Supporting data for: Gene-rich UV sex chromosomes harbor conserved regulators of sexual development (Carey et al., 2021)
Non-recombining sex chromosomes, like the mammalian Y, often lose genes and accumulate transposable elements, a process termed degeneration. The correlation between suppressed recombination and degeneration is clear in animal XY systems, but the absence of recombination is confounded with other asymmetries between the X and Y. In contrast, UV sex chromosomes, like those found in bryophytes, experience symmetrical population genetic conditions. Here we generate and use nearly gapless female and male chromosome-scale reference genomes of the moss Ceratodon purpureus to test for degeneration in the bryophyte UV sex chromosome system. We show the moss sex chromosomes evolved over 300 million years ago and expanded via two chromosomal fusions. Although the sex chromosomes show signs of weaker purifying selection than autosomes, we find suppressed recombination alone is insufficient to drive gene loss on sex-specific chromosomes. Instead, the U and V sex chromosomes harbor thousands of broadly-expressed genes, including numerous key regulators of sexual development across land plants.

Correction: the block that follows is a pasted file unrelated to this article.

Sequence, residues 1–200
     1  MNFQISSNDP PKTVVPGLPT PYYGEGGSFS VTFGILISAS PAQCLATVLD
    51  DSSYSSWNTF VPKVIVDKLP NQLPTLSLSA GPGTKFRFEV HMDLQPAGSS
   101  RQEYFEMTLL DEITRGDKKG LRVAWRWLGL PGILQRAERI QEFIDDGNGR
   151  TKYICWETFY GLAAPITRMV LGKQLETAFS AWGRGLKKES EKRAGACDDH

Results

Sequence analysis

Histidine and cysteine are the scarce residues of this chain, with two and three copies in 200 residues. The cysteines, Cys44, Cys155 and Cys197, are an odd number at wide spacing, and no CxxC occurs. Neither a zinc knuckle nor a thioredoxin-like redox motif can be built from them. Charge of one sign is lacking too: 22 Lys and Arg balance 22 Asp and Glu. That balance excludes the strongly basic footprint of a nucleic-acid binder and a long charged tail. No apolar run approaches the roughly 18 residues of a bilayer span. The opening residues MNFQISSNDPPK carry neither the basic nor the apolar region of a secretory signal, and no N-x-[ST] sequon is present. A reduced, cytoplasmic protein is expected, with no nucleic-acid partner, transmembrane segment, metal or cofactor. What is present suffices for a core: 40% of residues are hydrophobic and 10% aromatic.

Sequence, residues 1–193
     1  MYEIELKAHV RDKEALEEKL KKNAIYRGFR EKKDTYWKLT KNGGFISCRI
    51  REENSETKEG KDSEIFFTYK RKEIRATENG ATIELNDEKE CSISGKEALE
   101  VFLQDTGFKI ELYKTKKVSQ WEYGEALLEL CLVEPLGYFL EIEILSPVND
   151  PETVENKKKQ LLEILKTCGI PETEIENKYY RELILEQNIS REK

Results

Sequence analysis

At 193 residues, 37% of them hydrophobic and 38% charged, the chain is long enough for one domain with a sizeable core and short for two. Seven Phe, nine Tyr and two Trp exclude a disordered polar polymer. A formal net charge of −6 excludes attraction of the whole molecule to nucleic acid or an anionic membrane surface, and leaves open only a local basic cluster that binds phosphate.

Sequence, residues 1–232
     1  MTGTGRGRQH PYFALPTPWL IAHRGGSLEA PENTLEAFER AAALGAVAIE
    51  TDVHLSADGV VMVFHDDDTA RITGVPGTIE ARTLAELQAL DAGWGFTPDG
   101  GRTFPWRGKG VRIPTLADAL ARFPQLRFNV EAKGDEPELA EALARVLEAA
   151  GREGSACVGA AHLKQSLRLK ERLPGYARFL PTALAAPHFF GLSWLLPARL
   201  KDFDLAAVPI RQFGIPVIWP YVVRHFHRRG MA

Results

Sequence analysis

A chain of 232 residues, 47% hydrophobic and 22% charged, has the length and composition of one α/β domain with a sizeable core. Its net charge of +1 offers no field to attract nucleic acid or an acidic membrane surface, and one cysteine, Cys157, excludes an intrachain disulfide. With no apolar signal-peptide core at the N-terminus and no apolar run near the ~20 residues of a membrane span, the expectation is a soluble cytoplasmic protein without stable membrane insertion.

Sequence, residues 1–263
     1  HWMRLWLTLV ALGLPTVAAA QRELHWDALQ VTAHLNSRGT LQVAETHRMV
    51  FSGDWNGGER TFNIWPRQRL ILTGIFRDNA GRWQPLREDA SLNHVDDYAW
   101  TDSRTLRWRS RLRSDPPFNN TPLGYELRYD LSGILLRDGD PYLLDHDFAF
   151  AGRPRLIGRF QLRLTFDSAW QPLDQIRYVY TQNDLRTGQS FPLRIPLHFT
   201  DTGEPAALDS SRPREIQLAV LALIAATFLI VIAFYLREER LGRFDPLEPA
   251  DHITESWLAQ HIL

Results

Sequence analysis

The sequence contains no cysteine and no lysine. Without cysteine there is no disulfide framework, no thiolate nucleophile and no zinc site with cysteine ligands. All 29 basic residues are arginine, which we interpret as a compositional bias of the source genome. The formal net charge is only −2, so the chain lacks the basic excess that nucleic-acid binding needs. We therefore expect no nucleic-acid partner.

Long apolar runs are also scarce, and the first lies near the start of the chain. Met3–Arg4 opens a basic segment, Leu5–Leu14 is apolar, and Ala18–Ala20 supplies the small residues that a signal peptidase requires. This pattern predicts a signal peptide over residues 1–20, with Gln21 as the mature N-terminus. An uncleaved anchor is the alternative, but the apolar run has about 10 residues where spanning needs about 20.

Saski, Christopher; Shu, Shenqiang; Conrad, Roth; Tiley, George; McBreen, Jordan; Shenqiang, Avinash; McDaniel, Stuart; Fernandez-Pozo, Noe; Wickett, Norman; Landis, Jacob; Schmutz, Jeremy; Daum, Chris; Burleigh, Gordon; Payton, Adam; Lovell, John; Kollar, Leslie; Johnson, Matthew; Barry, Kerrie; Healey, Adam; Maumus, Florian; Chen, Cindy; Grimwood, Jane; Jenkins, Jerry; Olsson, Sanna; Huttunen, Sanna; Rensing, Stefan; Carey, Sarah; Lipzen, Anna; Wang, Mei (2021), "Supporting data for: Gene-rich UV sex chromosomes harbor conserved regulators of sexual development (Carey et al., 2021)", Zenodo, doi: 10.5061/dryad.v41ns1rsm